Plotting the Renaissance in Belfast

By Matthew Spencer

belfast Belfast City Council uses mapping software to improve services to citizens

Belfast in Northern Ireland is undergoing a renaissance having experienced record increases in economic growth and prosperity in recent years. Since 1999, this City has received over £250 million of investment from the British Government and multinational companies, which has created hundreds of new jobs in a variety of knowledge intensive industries. At the same time, the region has seen an increase in the number of young people of Northern Ireland living within a 50-kilometre radius of the City. Entrusted with providing vital services to this ever-changing region is Belfast City Council.

As the largest of the 26 District Councils in Northern Ireland, Belfast City Council is responsible for providing a varied range of essential services from waste management and building control to support for the arts, tourism and economic development. Employing over 2,400, Belfast City Council has 102 operational centres.

To an organisation of this size with such wide-ranging responsibilities, information is key. But having this information on databases is not enough, as Belfast City Council recognised at a comparatively early stage, the benefits of using location-based mapping software to create, maintain, analyse and share important data. This has had the effect of not only accelerating the decision-making process within the Council but also improving service delivery.

In 1997, the Council invested in mapping software from MapInfo Corporation. The Council chose MapInfo Professional, as its desktop solution, which was supplied by specialist and local MapInfo partner, the CDR Group. Based in the Peak District of the UK, the CDR Group provides consultancy, technical support and training for the full range of MapInfo products.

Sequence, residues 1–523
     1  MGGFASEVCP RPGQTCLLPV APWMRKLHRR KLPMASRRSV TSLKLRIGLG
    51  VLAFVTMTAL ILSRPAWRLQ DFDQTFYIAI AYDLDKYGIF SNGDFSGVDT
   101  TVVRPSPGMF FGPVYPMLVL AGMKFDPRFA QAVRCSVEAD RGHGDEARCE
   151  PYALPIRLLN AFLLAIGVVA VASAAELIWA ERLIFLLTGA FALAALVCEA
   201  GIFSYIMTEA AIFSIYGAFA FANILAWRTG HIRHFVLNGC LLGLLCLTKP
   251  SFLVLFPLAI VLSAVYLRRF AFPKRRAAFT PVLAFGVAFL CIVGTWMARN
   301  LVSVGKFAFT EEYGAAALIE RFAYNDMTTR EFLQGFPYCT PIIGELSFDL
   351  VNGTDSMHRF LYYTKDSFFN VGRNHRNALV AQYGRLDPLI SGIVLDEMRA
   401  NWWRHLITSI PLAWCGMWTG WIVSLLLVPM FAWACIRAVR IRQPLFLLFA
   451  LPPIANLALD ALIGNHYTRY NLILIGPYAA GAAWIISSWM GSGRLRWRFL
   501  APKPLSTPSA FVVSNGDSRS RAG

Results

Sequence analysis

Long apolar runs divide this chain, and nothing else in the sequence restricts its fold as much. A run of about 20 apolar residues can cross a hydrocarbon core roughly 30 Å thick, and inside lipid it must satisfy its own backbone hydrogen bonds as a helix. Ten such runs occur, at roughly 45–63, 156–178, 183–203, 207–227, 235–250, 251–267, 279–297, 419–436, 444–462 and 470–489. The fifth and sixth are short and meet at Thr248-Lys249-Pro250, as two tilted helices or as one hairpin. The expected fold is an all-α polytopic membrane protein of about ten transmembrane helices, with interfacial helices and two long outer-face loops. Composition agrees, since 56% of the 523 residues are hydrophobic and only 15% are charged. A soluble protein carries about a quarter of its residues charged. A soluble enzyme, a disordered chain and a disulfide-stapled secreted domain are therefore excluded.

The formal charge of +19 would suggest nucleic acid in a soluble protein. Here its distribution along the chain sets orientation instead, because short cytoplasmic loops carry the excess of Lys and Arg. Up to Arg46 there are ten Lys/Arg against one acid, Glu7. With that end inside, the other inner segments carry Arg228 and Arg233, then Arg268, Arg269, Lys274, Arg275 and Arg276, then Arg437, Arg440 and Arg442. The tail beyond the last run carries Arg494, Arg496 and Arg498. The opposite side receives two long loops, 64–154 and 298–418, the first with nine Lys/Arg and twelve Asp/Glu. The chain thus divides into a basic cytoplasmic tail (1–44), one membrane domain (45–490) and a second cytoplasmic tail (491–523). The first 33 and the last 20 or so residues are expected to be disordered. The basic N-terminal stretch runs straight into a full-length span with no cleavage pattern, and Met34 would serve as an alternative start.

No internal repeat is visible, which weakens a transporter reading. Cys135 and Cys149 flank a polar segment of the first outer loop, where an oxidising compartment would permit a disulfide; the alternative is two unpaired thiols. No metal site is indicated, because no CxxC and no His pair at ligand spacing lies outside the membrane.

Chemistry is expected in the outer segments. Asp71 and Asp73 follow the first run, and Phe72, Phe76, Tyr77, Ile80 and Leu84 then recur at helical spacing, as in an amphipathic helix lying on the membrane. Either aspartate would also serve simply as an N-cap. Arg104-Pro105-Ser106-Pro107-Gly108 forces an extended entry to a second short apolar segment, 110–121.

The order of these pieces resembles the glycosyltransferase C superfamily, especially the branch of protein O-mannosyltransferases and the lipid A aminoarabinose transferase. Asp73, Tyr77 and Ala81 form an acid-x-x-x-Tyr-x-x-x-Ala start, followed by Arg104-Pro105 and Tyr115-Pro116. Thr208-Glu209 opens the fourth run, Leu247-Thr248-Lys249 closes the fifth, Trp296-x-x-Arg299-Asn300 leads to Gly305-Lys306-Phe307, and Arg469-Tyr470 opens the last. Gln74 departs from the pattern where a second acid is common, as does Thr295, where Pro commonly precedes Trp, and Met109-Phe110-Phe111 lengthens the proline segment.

CDR began working with Belfast City Council in 1997 and at that early stage, the Council used the software to analyse the composition of the population, based on the 1991 Northern Ireland census. Data, which previously could not be easily extracted about the region, could now be visualised, assessed and acted upon more quickly. For example, this project provided details to the Council on the levels of employment in the area, the city's infrastructure and the location of various businesses as well as revealing details about the city's deprivation areas and the age of the population.

Since then, a number of different departments within the Council have benefited from the multi-functionality of MapInfo Professional. One example is the management of leisure and recreational facilities for the City. As almost one quarter of the population of Belfast is under the age of 16, the Council uses MapInfo's software to discover if leisure and recreational facilities reflect service requirements. This analysis has reduced inequalities in the City and has allowed improved allocation of available leisure resources to benefit all citizens, both young and old.